Authors: Hope Denney,Linda Au
Tags: #Literature & Fiction, #Genre Fiction, #Gothic, #Romance, #Historical, #Historical Romance
A figure on horseback approached them, and Somerset pulled on the reins to slow Hector. It was Sawyer, she knew, from the size of the horse and the dappled gray coloring. Her heart thudded in her chest.
He approached them, the corners of his mouth twitching because he guessed where they were going.
“Hello, ladies. Good afternoon, Joseph.”
“Where are you headed in the middle of the day?” asked Joseph.
“I’m headed to Orchard Rest. Mr. Forrest and I were going to look at a draft horse over at Old Man McKennasaw’s farm this afternoon.”
Somerset clenched her fists and groaned inside. Just as she had worried, she was going to miss an opportunity to talk alone with Sawyer because she was kind enough to take Joseph courting. She looked up at him, shielding her eyes with her hand. She would have given anything to be back at Orchard Rest and it showed as she stared at him. She thought he looked down on her as if he could read her mind.
“Draft horse?” said Joseph. “What do you need with another draft horse?”
Sawyer and Joseph launched into an animated discussion of how many horses Sawyer thought he needed versus how many Joseph thought he could get by with. Victoria laughed in all the right places at their jokes, but Somerset held the reins taut in both hands and concentrated on not glancing too often at Sawyer.
“I maintain you’re too picky,” finished Joseph. “I would have bought the last animal and been done with it. I’m glad the war didn’t turn me into a connoisseur of horse flesh.”
“Ladies, this is the only way in which he’s ever failed me as a friend. He’s ignorant of horses,” said Sawyer in an aside.
“We’ll argue about it later. I have somewhere I have to be,” retorted Joseph.
“Ah, yes. Well, Mother and I saw Miss Buchanan step off the train this morning. She looked well. I’ll leave you to your mission. Good seeing you all. I’ll call on you later in the week, Somerset.”
“I’ll be seeing you,” said Somerset.
Somerset whipped the lines across Hector’s back.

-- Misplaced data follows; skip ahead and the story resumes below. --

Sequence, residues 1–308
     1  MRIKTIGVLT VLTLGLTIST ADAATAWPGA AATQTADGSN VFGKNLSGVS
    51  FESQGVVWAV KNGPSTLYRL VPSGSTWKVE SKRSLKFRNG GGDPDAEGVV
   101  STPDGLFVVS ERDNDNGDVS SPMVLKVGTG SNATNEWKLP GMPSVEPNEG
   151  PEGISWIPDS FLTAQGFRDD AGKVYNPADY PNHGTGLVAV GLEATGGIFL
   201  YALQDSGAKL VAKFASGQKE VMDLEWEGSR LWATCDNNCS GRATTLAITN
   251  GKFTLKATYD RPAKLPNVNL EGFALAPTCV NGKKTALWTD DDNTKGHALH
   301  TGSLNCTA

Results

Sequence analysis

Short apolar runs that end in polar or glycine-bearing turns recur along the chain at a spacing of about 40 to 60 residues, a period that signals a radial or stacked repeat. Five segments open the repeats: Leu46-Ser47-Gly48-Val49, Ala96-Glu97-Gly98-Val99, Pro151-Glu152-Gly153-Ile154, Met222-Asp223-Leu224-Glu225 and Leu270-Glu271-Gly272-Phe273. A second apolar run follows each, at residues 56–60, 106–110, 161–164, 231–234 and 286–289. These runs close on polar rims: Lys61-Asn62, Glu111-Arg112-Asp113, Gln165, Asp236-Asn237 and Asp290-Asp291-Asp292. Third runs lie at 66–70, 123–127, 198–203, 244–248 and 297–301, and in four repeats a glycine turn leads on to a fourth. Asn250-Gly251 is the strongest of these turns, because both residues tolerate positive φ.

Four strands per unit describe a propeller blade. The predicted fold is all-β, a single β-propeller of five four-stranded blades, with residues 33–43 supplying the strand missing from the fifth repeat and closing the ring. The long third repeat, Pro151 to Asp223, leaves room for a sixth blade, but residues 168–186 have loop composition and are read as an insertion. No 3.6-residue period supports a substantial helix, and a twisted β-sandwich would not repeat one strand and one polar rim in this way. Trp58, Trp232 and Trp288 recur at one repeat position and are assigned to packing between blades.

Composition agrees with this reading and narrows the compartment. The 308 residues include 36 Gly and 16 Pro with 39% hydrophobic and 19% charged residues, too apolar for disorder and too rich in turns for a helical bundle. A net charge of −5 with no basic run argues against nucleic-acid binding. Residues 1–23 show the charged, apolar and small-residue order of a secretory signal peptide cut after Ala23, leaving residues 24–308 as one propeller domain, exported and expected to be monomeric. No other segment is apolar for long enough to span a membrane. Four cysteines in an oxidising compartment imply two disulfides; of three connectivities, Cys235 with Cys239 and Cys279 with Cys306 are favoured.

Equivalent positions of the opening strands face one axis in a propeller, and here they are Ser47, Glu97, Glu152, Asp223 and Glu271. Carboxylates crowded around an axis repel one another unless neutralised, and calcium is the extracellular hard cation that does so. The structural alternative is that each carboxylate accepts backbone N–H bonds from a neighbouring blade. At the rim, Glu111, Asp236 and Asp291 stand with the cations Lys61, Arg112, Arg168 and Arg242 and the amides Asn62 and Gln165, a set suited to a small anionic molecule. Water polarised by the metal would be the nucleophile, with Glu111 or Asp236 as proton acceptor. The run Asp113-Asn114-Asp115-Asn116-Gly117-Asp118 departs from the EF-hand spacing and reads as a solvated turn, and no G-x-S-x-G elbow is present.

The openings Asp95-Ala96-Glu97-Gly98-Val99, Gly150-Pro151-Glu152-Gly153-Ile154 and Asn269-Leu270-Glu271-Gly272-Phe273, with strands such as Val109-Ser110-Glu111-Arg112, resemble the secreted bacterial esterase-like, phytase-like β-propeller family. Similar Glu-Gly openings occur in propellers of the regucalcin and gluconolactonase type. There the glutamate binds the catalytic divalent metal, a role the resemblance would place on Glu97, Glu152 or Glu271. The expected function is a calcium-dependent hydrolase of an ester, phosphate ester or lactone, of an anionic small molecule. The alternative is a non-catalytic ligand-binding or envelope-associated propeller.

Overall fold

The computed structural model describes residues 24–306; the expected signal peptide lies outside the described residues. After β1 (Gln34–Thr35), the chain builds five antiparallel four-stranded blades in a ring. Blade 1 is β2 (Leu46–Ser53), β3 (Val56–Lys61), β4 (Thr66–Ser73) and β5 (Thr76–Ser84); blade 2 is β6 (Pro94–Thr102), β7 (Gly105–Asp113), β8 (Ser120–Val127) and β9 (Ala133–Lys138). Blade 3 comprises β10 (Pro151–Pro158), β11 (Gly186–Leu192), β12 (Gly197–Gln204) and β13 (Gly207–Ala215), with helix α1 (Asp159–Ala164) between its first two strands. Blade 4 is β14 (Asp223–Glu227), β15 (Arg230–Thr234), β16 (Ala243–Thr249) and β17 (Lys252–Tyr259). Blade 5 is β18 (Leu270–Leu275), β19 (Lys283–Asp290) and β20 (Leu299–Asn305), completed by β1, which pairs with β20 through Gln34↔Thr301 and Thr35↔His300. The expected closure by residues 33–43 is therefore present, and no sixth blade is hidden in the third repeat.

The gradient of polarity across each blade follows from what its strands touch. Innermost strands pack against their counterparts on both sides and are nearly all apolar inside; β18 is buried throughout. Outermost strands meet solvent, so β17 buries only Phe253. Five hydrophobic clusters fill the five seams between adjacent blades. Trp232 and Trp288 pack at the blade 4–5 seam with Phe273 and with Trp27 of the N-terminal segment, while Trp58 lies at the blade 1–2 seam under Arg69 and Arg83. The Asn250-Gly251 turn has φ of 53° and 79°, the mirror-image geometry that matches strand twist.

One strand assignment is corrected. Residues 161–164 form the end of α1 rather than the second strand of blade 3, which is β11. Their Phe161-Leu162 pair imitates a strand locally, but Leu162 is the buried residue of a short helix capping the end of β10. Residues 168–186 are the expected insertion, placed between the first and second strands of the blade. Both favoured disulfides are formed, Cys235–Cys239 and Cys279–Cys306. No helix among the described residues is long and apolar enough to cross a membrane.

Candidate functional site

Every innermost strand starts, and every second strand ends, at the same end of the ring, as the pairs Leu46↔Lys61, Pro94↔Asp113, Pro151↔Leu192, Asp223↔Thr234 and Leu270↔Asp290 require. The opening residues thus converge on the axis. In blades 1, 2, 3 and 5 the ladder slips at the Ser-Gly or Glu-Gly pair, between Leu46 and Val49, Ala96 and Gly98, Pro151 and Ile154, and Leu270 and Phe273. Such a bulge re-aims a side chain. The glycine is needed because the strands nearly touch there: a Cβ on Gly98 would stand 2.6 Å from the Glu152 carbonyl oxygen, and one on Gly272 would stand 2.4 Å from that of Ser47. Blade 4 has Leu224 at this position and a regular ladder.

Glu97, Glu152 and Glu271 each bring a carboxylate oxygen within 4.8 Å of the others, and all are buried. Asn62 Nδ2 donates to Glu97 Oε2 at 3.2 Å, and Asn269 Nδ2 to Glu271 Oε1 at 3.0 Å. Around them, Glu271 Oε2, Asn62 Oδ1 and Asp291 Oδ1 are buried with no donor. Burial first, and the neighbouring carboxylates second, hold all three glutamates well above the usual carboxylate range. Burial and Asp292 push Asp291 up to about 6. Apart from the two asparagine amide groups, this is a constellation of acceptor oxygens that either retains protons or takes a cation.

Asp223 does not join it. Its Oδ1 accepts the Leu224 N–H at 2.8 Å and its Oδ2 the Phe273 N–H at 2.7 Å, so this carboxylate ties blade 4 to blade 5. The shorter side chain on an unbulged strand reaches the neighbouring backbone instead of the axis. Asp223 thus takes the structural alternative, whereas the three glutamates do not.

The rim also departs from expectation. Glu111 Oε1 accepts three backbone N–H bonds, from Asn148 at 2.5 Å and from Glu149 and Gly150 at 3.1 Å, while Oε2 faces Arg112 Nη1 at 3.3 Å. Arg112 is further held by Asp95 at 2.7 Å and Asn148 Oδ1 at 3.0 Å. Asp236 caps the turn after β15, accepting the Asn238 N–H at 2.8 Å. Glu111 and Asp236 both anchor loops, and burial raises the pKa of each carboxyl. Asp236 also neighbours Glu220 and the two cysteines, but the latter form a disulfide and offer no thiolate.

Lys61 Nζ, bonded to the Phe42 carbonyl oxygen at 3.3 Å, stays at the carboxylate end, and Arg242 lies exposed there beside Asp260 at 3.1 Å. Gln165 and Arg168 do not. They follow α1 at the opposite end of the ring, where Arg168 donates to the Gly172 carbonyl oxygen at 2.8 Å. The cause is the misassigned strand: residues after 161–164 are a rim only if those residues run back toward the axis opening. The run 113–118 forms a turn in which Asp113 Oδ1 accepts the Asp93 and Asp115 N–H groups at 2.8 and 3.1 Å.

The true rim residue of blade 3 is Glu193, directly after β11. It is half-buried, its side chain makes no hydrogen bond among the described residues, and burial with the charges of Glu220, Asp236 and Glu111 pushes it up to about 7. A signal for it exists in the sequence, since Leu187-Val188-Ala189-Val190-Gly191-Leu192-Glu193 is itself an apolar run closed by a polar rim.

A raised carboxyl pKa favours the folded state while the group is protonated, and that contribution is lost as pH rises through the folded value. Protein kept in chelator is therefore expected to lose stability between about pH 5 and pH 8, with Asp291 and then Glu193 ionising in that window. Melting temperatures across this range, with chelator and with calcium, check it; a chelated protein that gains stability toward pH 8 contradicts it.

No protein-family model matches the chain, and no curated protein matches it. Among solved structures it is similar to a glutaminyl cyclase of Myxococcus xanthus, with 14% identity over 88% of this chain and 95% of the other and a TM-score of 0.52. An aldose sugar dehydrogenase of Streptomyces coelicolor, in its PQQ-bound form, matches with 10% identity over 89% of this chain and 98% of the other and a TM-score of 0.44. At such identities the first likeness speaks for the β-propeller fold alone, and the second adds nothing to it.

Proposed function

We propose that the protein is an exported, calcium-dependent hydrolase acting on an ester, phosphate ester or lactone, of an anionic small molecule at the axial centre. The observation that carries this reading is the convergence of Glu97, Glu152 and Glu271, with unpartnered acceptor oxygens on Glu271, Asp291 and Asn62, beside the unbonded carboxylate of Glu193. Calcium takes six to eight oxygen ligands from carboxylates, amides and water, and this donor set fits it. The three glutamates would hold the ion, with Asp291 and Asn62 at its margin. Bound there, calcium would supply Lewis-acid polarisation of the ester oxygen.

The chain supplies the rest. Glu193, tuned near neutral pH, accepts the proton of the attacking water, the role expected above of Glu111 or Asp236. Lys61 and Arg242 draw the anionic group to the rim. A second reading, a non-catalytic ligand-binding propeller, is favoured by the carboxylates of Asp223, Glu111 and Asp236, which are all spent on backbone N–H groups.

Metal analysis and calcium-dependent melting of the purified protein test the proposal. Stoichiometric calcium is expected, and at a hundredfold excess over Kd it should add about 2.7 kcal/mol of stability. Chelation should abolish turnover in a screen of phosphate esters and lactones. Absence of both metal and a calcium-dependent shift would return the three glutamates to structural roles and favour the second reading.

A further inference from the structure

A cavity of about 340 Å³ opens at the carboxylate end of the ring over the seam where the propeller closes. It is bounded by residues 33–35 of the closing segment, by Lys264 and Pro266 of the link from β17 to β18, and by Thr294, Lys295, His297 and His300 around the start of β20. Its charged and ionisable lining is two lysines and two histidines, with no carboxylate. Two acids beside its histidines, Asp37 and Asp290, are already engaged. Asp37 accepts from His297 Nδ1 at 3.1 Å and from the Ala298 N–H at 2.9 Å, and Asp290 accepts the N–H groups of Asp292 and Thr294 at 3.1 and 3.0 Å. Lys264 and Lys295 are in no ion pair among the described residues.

“He must be a nice beau,” Victoria said when she was sure Sawyer was out of earshot.
“He isn’t moving things along like I thought he would,” said Joseph.
“We don’t all get engaged after a couple of months like you,” said Somerset.
Joseph was not deterred.
“Have I ever told you about the first time I saw Fairlee?”
“No,” said Victoria at the same time Somerset declared she knew the story by heart.
“Oh, Somerset, sit through the story one last time. Victoria hasn’t heard it. I was out riding with Eric Rutherford. The two of you weren’t courting yet, Somerset, although it would just be a matter of time. We had been racing all afternoon, and we were hot, tired, and starving. It was almost time to go home when Eric remembered he had something in his saddlebags—a quilt pattern or something else frilly—that his mother wanted dropped off at Buchanan Loft. He didn’t want to go up there so he was determined that I go, too.
“I didn’t want to go either. I can’t think of a man in Century Grove who can abide Mrs. Buchanan, and I made excuses to get home. So Eric just turned it into a competition. He said he bet he’d win in a race against me to the Loft. Well, he’d beat me all day. Somerset, I never did win a single race against Eric. Just the same, I couldn’t stand the idea of forfeiting a race to him, and before I could speak, he offered five dollars if I won so I took him up on his bet. We set off down Marauder’s Lane at breakneck speed. He stayed a good five yards ahead of me the whole time—I’ll never know how he could ride like that.
“We barreled up the hill to the Buchanan place. The house was in sight, and we passed all the outbuildings. We were a sight, too, all covered in scum from the pond, dirt from the fields, and sweating for all we were worth. Suddenly, when we passed the stables, a horse came flying out past us. It was flying so fast that it tore all the sod off the lawn in two solid lines all the way up to the house. We were both ill because whoever was going to win had seen us coming from the stables and was cheating by joining in at the last minute. The horse beat us both by several yards.